One of the more intriguing aspects of this case has been the intersection of this case, the unexplained disappearance of Ray Gricar, with the explained disappearance of a small town Ohio police chief, Mel Wiley, in 1985.
To properly explain this intersection, I must look back to my salad days, the 1980’s and early 1990’s. Four things happened:
A. Mr. Gricar with his then wife and daughter, moved to Centre County from Cleveland, in about 1980. Mr. Gricar was then hired by the District Attorney’s office. In Cleveland, Mr. Gricar had been an assistant district attorney.
B. In late July 1985, Chief Mel Wiley, the police chief of Hinckley Township, OH, vanished. His car was found near a lake in Cleveland. Initially, he was thought to have drowned, but evidence was found that he deliberately left his life behind. The story is here: http://www.time.com/time/magazine/article/0,9171,959737,00.html?iid=digg_share
C. In 1988, J. Karen Arnold left her job as a public defender, and became an assistant district attorney.
D. In 1992, Steve Sloane was hired as an assistant district attorney. He was almost immediately laid off, due to budget concerns. He was recalled to work in early 1993.
There has never been any indication that Mr. Gricar knew Chief Wiley. While Hinckley Township is relatively close to Cleveland, it in a different county, so it is in a different jurisdiction. It is somewhat rural, and not a suburb. It is described on its website as “Small town, big heart.” http://www.hinckleytwp.org/ It isn’t exactly a place where criminal connections will interest a Cleveland ADA.
Ms. Arnold, in her “Ladies and Gentlemen of the Jury” posting, indicated that she has “vague sense that perhaps Wiley's name was once mentioned in the office.” http://gricar.disappearance.googlepages.com/partiii:onlinediscussion If her “vague sense” is correct, someone was discussing Chief Wiley’s disappearance in the office three years after the event, minimum; she wasn’t working in the office prior to that. Mr. Sloane remembers Mr. Gricar discussing the Wiley disappearance; Mr. Sloane didn’t start there until 1992 and likely wouldn’t have had this type of in-depth conversation about a case with no ties to Centre County immediately after being hired. That in itself is strange.
While I am not entirely clear on Ms. Arnold’s background, Mr. Sloane lived, went to school in Central Pennsylvania most, if not all, of his life. He doesn’t have any ties to Hinckley Township or Cleveland.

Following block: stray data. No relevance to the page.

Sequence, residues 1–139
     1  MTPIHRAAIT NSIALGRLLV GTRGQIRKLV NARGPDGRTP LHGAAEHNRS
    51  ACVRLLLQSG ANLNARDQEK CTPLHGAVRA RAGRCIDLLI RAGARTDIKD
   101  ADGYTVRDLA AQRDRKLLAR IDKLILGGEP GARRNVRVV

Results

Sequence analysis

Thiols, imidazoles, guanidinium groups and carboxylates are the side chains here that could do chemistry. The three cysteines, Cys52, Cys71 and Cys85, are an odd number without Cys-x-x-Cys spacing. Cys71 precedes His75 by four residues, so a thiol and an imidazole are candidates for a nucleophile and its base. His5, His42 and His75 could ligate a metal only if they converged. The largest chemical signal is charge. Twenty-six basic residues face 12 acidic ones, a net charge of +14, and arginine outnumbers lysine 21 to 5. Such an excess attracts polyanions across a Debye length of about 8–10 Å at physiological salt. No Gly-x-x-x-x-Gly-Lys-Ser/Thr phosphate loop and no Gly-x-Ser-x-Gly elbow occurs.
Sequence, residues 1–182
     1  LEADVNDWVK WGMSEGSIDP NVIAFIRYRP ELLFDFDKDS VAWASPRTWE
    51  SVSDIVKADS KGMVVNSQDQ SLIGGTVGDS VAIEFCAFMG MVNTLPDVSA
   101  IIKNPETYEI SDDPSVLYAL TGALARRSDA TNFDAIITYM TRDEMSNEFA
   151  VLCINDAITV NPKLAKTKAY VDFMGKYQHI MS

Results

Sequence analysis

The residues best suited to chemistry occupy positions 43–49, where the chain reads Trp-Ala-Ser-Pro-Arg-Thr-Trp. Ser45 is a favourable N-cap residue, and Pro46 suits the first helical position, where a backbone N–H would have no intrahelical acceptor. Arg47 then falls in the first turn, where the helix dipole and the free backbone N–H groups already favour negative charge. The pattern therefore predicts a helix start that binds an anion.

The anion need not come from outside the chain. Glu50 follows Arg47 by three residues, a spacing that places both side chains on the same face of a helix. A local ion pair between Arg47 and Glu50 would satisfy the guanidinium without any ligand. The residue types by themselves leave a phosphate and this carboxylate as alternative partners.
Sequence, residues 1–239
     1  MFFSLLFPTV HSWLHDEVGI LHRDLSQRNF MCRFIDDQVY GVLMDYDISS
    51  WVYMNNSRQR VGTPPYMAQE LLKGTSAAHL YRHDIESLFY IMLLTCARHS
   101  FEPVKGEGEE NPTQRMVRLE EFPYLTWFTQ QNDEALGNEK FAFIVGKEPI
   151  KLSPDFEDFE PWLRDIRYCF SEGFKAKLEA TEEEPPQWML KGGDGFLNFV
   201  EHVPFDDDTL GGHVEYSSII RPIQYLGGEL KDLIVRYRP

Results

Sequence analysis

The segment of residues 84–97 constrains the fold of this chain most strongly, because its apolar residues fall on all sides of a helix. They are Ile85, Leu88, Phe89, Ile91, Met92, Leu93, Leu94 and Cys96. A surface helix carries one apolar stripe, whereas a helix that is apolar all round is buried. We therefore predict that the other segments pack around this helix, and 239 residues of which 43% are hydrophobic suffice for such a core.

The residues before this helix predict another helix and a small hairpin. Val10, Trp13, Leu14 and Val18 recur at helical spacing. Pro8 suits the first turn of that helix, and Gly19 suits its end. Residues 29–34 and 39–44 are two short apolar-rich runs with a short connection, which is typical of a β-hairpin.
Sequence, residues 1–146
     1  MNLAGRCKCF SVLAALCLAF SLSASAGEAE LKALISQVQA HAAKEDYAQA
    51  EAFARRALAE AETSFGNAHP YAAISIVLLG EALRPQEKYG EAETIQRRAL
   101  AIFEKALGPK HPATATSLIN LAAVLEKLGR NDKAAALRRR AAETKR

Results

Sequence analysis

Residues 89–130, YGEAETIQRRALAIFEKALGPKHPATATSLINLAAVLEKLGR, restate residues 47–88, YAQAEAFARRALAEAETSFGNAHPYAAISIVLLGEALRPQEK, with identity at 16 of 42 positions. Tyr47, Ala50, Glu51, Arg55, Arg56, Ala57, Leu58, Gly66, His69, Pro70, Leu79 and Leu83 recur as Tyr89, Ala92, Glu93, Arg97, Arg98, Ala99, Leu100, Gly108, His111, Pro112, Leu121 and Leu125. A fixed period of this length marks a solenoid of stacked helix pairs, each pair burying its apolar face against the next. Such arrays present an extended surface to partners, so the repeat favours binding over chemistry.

It has been suggested, on-line, that perhaps the case of former Cambria County judge, Joseph O’Kicki, who fled the country in 1993 after numerous convictions, might have triggered this discussion. Maybe, but Judge O’Kicki’s flight from the law was no mystery; he left from the University Park Airport, and unlike Chief Wiley, he was fairly easily tracked. We all knew where he ended up seeking refuge. On top of that, Judge O’Kicki’s flight from the law was just that, a flight from the law. There was never any suggestion that Chief Wiley had done anything criminal; he was not “on the lam” like Judge O’Kicki was.
Look at the situation. Mr. Gricar showed at least some interest in the voluntary disappearance of Mel Wiley, with whom he had no known personal connection, which had no connection to Centre County and which was not a criminal case. Mr. Gricar also seemed to be interested it a long time after it happened. This might have been “water cooler talk” in the summer/fall of 1985 in the DA’s office, but these conversations had to have occurred years later, a minimum of eight years after it happened. It is unusual that Mr. Gricar would exhibit this interest in a frankly obscure non-criminal case, so distant from Centre County and so old.
There is something else unusual. I read about the Wiley case in Time magazine in 1985 and while I remembered some of the details, the year, that it was an Ohio police chief, where I read the story, I did not remember Wiley’s name. I used a search engine to find it. I did so when I began reading on-line discussions of the Gricar disappearance.
Someone asked me, on-line, if there were ever any cases where a responsible adult walked away without any real reason. I cited two cases, Wiley and the case of Julian "Jay" Carsey, a Maryland community college president who voluntarily walked away from his life in 1982. He returned after several years and was the subject of the 1989 book Exit the Rainmaker, a best seller. Dr. Carsey, and the book, was even mentioned in a press story about Mr. Gricar shortly after his disappearance. The Jay Carsey case was obviously better known than that of Mel Wiley. The only one of these two mentioned, in the opening, the section on the online discussion, and the conclusion of “Ladies and Gentlemen of the Jury” was of Chief Mel Wiley. Consciously or not, it must have triggered something.
So, what does this point to, if anything? It points to Mr. Gricar’s voluntary departure, if anything. Mr. Gricar may have interested in the Wiley case or in cases where people voluntarily leave their former lives behind and start anew, in general. Heck, I find it somewhat interesting myself. I have not walked away and have no plans to.
I could be interested in the subject and still commit suicide. I’m not planning it, because I have too many life memberships in organizations where I’ve paid a lot of money upfront and want to get the benefits for that, first (in other words, I’m too cheap to do it). I could be interested in the subject and be murdered. I’m not planning on, or hoping to, be murdered either (but if a robber would pull a gun on me and say, “Your money or your life,” I’d have to think about it for a while). Just being interested in a voluntary walk away case does not mean I, or Mr. Gricar, would be thinking of doing it.
Mr. Gricar’s interest, such as it was, in the disappearance of Chief Wiley either points to a voluntary departure or is unrelated to what really happened to him.